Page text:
On the property there are some old grape vines, like perhaps older than me:
I’m no expert but I believe some of these ancient vines are upwards of 30+ years old. They are scattered about the property and their varieties are unknown. We think most of them are wine grapes and a few could be some old lost table variety but they are packed full of seeds and never very sweet.
Up until now these half dozen vines have been mostly neglected and their fruits used as supplemental poultry food. They do actually bare quite well and the chickens will often escape from the heat below their leaves and pick off grapes occasionally. It’s entertaining near the end of the season to see a chicken jump 3 feet in the air to pick off the last remaining grapes.
In the last 3 years we have planted red and white seedless table grapes, Olallieberry, Raspberry, Blackberry and Boysenberry in and all around these antique giants. They do add quite a bit of character to the area so we have decided to integrate them into the design by grafting on known existing varieties from our newer table grape varieties.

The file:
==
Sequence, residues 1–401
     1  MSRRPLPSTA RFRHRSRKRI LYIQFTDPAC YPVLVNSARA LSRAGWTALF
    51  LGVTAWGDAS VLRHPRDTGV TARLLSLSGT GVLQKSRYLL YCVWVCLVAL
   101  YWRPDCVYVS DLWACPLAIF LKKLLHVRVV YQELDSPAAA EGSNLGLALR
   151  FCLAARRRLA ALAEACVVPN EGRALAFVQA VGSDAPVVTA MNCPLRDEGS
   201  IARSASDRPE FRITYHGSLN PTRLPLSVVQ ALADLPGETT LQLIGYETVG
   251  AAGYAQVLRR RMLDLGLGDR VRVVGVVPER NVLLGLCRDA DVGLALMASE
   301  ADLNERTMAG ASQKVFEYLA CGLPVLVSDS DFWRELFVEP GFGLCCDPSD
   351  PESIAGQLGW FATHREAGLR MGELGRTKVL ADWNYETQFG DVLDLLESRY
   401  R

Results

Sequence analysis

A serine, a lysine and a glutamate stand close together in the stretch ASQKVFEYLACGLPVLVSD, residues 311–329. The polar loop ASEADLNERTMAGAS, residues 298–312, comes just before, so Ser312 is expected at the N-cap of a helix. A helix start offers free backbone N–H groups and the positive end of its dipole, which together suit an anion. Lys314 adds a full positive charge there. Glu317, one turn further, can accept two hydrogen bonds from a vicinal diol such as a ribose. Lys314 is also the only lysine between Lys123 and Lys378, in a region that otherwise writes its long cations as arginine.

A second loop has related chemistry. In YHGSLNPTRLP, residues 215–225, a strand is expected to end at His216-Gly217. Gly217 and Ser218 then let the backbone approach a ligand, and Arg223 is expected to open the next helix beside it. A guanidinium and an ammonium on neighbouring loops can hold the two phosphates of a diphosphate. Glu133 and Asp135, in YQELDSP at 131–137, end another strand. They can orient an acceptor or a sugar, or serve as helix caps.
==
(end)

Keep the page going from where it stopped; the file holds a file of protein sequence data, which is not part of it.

Here is the source I used for the scion cuttings (1st year growth from red and white table grapes):
I staggered this project over 2 weeks starting right when the vines are going dormant, you can see the first round of cuttings still had some sap flowing. I have later found out that this whole process should probably be done in the spring but oh well.
I heavily trimmed back the vines and made sure to leave plenty of 1st year growth to graft on to:
Now for the actual grafting part. I’m using a fruit tree grafting tool with the omega cutter blade attachment. You can find this tool on Amazon.
Grafting with this tool is a snap. Just load up your scion wood and squeeze:
Make the same cut on the vine and attach your scion wood. You can then coat with tree wound and wrap with tape.
I also grafted an entire vine using just green tape and no tree wound on the graft to see if I get any different results.
I made sure to trim all my scion wood short enough to only have two buds exposed which seems to allow the graft to hold on better. Oh yeah, make sure to apply tree wound (or wax) to any exposed cuts to limit any infections.
In the spring I will make sure to inspect the vines and rub off any new growth that is below the graft as we only want new growth from the scion, not the original vine. I did not keep track of what scion cuttings I put where so we should have vines that bare both red and white table grapes from the same vine. Neat. I also made sure to graft at least a dozen cuttings per vine because I’m not sure of my success rate here.